The Future of this Wild Place is Up For Grabs
EDITOR’S NOTE: The excerpt below comes from a Rick Bass essay, “Bonfire,” from the Summer 2001 edition of Tricycle: The Buddhist Review. It speaks to his activism to preserve the wildness of the Yaak Valley where he lives near the confluence of the Montana-Idaho-British Columbia borders. Just as important, if not more so, he addresses the activist’s weary heart from the long fight, wondering how to balance the need to keep up the fight against the need for solitude, recuperation and stillness within that wilderness. Bass writes from the fierce — if winded — and throbbing heart of the trueblood activist-artist-seeker-protector of wild places. I offer it to those who work and struggle, who create and advocate, on behalf of the wildness of West Virginia.
“Fiercely, I believe that every ounce of energy counts. The future of this wild place, and indeed of this wild state, is up for grabs. Hope still exists for this bioregion. Not the distant hope of the future, but hope in the moment, hope now, that the wildness of this place can be preserved. Hope that even just one more person’s voice, no matter whether strident or calm, can help tip the balance of time and circumstance for this relatively unpeopled landscape; hope that one ore poem, photograph, song can help tip the cant of fate toward the preservation of of the wild, the thing itself, rather than away.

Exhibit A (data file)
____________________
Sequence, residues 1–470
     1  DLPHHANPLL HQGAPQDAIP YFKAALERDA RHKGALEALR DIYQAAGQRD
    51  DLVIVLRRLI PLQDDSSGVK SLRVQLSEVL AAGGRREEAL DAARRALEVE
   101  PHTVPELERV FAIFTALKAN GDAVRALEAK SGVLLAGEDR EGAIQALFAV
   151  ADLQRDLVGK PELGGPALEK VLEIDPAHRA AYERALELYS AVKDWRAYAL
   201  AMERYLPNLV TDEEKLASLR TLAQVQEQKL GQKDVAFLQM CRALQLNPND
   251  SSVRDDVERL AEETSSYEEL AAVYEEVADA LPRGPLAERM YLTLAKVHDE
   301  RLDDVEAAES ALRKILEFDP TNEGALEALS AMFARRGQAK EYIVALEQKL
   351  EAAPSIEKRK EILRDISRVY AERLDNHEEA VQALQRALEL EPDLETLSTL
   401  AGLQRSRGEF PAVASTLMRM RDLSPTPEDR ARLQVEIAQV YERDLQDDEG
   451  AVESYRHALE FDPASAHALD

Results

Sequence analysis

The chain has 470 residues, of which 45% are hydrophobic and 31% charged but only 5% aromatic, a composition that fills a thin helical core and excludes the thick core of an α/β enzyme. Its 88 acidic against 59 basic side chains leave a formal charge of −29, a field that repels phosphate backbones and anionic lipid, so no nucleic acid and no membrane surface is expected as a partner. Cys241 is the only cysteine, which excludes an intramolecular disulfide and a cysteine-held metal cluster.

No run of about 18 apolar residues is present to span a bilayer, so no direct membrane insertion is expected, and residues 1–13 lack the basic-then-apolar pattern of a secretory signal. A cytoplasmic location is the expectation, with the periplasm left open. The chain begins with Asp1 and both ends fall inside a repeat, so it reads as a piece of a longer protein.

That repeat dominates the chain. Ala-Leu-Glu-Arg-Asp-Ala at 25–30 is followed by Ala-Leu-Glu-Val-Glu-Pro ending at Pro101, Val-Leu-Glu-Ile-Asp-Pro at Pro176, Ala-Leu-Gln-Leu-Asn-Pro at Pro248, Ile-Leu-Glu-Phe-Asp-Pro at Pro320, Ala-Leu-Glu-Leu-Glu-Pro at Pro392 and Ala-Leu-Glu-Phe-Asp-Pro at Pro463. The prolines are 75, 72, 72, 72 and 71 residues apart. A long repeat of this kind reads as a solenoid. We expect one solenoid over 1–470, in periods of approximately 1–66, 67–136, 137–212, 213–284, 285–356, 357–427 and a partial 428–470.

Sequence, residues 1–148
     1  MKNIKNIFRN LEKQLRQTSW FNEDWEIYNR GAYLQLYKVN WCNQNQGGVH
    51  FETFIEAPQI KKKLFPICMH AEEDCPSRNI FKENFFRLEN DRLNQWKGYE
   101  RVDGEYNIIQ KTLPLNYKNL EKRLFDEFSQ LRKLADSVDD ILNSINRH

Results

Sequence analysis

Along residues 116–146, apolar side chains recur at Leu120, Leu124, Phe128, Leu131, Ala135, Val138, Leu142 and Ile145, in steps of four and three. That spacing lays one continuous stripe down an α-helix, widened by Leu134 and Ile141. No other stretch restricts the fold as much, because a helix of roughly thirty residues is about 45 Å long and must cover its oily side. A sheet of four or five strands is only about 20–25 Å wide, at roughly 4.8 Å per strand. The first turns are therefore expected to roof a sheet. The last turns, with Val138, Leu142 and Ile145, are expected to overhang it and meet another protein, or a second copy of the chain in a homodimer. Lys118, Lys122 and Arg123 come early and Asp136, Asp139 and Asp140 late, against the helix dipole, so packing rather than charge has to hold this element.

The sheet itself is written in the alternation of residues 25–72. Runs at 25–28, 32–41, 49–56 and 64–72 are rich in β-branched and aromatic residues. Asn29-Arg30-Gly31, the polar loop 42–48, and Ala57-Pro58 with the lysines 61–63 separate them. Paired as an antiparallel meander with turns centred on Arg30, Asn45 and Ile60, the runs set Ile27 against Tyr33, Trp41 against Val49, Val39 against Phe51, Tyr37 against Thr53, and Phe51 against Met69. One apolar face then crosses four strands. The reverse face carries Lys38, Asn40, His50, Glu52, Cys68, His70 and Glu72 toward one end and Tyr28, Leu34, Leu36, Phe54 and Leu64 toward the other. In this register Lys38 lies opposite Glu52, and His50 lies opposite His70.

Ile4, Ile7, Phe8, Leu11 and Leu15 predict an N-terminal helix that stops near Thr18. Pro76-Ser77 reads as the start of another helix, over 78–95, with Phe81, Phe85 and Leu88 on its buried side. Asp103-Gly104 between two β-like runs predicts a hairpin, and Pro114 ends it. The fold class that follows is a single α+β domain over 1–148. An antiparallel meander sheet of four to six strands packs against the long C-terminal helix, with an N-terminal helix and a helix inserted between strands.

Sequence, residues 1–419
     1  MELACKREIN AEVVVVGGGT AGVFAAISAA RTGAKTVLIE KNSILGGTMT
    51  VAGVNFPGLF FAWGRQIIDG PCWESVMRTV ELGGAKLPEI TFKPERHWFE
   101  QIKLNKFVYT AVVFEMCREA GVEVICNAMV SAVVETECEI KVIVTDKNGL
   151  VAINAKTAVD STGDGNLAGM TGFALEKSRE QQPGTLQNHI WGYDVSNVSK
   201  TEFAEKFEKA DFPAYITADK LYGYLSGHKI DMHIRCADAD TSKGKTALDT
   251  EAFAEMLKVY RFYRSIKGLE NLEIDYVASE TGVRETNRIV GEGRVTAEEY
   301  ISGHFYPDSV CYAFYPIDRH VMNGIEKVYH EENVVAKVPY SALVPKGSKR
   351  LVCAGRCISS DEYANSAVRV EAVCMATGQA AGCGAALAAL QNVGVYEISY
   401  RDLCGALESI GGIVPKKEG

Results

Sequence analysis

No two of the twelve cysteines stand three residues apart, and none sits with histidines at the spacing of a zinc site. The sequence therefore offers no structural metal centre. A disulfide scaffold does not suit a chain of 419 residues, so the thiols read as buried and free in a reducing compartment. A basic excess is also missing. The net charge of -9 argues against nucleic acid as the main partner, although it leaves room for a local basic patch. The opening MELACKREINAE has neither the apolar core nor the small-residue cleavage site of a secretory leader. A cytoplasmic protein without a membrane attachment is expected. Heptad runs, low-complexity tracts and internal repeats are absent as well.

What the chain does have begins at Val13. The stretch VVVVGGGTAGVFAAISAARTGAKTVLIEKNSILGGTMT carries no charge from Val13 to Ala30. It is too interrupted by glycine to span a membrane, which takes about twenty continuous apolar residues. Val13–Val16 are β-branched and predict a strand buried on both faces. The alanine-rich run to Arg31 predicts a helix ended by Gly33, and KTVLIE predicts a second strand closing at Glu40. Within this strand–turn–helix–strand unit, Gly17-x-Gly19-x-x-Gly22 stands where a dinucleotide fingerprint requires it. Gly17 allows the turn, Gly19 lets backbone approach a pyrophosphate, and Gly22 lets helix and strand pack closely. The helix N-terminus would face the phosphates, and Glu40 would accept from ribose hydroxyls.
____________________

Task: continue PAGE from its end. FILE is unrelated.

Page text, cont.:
“The situation demands that I hurry up and work harder and so I do — and yet even far within me, like the sound of metal banging against metal in a high wind, I hear, and feel, that yearning to slow down and step back; and I do not know what to do except to jeep doing both things, the thong and the shadow of the thing — making pretty little pictures, and continuing on with the slogging grunt-work of the hardcore activist — until one day, I assume, nothing will be left. There is nothing that cannot be tossed into the bonfire of awareness …”
~ Rick Bass, from “Bonfire,” Tricycle: The Buddhist Review, Summer 2001